• DISC-UK Data Sharing Continuum
  • Common Data Sharing Strategies • Depositing in a specialist data centre or archive • Submitting to a journal to support a publication • Depositing in a self-archiving system or an institutional repository • Disseminating via a project or institutional website • Informal peer-to-peer exchange http://ukdataservice.ac.uk/manage-data/plan/how-share.aspx
  • Strategies for Sensitive Data • Authorization or Informed Consent • De-identification – Statistical deletion or masking of 19 identifiers (HIPPA) – Can be reversed • Anonymization – Removing all links to subject so that data cannot be traced back – Cannot be reversed • Limited data set – A set of data in which most of the Protected Health Information has been removed. – Typically involves a Data Use Agreement • Restricted Use Data & Data Enclaves – ICPSR – UK Data Service Secure Lab
  • The Spectrum of Data Sharing ACCESS DARK OPEN SCOPEOFDATA RAW DATA CLEANED DATA LIMITED DATA RESTRICTED USE DATA Published results
  • Sharing Considerations What De-identified data Limited Data Set Publication- related All processed data With whom Upon request Colleagues Community Anyone Where/ How Secure system Community resource Subject repository Institutional repository When Embargoed With publication Immediately
  • IU Resources: Access, Sharing, Re-use • Slashtmp: http://kb.iu.edu/data/angt.html • Indiana CTSI Resources – Alfresco Share, REDCap @ http://www.indianactsi.org/rct • IU High Performance Storage: – Research File System: http://kb.iu.edu/data/aroz.html – Scholarly Data Archive: http://kb.iu.edu/data/aiyi.html • IUPUIDataWorks: http://dataworks.iupui.edu • Data Dryad: http://datadryad.org/ • Figshare: http://figshare.com/ (Data, tables, figures) • ICPSR: http://www.icpsr.umich.edu/icpsrweb/deposit/ • IU Github: https://github.iu.edu/repositories (Code)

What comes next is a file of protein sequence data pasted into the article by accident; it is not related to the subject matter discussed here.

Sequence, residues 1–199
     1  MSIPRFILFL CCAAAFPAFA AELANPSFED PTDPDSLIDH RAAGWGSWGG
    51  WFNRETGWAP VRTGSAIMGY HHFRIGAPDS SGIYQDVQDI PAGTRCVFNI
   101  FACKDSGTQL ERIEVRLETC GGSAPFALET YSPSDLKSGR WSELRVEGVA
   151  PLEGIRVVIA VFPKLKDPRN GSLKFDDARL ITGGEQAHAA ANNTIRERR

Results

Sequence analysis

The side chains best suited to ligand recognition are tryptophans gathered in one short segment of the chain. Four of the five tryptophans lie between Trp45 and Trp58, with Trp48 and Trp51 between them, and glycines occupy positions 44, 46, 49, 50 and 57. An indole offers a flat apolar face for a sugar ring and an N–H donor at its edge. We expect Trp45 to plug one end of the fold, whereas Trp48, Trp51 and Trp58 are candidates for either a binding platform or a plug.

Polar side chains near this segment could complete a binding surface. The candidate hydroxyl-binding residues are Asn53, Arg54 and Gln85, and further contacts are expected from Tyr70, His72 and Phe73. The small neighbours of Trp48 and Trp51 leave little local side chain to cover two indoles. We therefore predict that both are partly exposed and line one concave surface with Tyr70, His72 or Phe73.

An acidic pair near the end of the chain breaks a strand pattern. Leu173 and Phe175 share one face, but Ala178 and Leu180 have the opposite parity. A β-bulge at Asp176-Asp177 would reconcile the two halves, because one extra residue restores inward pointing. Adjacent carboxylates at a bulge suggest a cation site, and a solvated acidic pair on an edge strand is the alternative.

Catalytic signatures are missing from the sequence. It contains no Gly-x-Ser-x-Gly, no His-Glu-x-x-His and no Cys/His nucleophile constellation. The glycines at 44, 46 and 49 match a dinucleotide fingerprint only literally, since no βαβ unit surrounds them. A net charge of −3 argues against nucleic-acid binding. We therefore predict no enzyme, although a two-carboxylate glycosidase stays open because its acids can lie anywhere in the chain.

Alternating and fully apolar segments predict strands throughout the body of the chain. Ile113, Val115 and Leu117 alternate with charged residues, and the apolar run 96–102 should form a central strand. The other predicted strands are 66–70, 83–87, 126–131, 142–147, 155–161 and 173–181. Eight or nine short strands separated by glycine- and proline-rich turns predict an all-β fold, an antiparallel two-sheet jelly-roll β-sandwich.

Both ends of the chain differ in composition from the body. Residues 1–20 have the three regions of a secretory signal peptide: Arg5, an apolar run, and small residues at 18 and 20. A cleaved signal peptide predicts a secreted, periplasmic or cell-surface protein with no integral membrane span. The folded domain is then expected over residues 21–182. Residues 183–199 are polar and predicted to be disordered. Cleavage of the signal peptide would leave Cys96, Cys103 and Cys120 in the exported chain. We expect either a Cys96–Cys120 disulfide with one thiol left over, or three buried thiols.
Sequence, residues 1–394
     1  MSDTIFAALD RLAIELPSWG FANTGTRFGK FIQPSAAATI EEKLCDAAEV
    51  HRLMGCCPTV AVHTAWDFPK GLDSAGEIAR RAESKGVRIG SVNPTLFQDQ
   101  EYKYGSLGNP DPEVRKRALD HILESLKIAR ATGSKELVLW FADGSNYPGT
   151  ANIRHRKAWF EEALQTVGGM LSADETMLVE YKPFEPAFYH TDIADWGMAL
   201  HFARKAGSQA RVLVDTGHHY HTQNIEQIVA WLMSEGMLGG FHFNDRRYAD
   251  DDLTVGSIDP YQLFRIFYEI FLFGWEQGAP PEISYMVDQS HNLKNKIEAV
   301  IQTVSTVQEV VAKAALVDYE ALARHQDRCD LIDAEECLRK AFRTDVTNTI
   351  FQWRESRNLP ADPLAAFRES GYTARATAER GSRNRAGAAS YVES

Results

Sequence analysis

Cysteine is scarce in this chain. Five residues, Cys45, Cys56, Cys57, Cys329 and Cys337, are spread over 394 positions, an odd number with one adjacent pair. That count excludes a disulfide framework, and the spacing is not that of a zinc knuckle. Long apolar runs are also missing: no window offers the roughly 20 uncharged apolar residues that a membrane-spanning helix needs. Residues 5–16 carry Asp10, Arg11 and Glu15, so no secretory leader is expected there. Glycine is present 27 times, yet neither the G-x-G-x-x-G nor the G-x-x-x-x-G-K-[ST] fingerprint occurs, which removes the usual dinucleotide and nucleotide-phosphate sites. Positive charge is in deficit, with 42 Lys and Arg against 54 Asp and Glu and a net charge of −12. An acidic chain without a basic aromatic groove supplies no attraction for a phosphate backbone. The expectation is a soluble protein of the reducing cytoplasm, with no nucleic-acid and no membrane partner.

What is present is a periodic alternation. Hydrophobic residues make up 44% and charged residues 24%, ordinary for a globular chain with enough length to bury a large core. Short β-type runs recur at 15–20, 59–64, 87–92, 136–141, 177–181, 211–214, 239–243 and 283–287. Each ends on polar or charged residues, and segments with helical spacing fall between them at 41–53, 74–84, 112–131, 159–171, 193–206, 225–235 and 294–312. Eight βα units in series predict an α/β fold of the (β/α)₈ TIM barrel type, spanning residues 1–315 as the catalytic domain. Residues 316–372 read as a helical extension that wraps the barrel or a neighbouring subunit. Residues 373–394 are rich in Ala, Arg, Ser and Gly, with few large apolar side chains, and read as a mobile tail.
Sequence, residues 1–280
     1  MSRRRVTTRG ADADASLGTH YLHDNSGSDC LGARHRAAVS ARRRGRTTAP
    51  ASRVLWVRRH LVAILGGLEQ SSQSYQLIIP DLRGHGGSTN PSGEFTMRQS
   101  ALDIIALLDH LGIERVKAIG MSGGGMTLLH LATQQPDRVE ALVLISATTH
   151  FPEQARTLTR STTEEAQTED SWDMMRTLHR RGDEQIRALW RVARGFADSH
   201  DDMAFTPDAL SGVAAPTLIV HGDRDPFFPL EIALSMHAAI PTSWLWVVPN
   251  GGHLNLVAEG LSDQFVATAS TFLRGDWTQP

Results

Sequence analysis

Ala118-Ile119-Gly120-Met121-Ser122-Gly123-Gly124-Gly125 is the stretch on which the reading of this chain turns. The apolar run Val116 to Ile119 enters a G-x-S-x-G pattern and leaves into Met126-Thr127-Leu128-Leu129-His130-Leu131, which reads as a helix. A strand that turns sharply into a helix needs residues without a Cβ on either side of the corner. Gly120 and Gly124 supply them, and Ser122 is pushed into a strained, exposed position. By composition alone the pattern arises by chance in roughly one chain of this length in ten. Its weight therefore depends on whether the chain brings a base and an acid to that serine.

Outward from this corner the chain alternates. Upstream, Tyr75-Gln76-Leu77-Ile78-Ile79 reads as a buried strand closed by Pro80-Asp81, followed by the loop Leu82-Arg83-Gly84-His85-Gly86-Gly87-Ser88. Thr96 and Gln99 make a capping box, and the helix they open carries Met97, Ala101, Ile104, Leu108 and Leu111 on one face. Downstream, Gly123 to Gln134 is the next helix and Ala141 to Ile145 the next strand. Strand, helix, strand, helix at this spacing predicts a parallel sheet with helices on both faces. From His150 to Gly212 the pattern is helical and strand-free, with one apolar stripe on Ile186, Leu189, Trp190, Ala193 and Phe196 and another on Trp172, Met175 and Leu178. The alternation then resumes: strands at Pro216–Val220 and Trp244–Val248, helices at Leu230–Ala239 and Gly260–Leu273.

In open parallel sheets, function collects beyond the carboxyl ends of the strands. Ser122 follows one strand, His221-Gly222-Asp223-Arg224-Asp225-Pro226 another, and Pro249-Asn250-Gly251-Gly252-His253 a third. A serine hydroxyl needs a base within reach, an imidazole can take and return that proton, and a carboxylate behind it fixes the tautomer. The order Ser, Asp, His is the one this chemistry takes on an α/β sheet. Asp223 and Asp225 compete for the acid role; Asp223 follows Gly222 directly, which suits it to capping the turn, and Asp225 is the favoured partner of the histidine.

• Activity & Discussion Explore one of the following repositories. • ICPSR • Harvard Dataverse Network • National Database for Autism Research Be prepared to discuss the following: • Is it easy to browse or search for data? • Is it easy to view and download data and documentation? • Can you analyze or visualize the data in the repository?
  • References 1. DataONE Education Module: Data Management. DataONE. Retrieved December 2013. From http://www.dataone.org/sites/all/ documents/L04_DataEntryManipulation.pptx 2. Data Information Specialists Committee(DISC-UK). Data Sharing Continuum: http://www.disc-uk.org/docs/data_sharing_continuum.pdf
  • DATA ATTRIBUTION & CITATION MODULE 4
  • LEARNING OUTCOMES • Identify two technologies enabling data citation.
  • Unique Identifiers: Items • DOI (most common for data) – Provides an actionable, interoperable, persistent link – Actionable – through use of identifier syntax and network resolution mechanism (Handle System®) – Persistent – through combination of supporting improved handle infrastructure (registry database, proxy support, etc) and social infrastructure (obligations by Registration Agencies) – Interoperable – through use of a data model providing semantic interoperability and grouping mechanisms • Data Citation Index (Thomson Reuters) – Gathers citation data (often for free) to build a database of data citations – Takes in free data and charges institutions for the expensive tool • Handle – a unique URL – for example, an item record in a repository
  • Unique Identifiers: Authors • ORCID – 10 things – Can be used across multiple platforms • ResearcherID – Created by Thomson Reuters – limited to their products (e.g., Web of Science) • Scopus Author ID – Created by Elsevier – limited to the Scopus database
  • What do unique identifiers do? • Enable increased availability of impact measures – Citation metrics (e.g., Google Scholar) – Article-level metrics (e.g., PLoS) – Altmetrics (social media based: Twitter, ResearchGate, blog mentions, etc.) – Web analytics (views, downloads) • Make it easy to share, cite, and track • Enable you to be proactive in disseminating your work and gathering evidence of its impact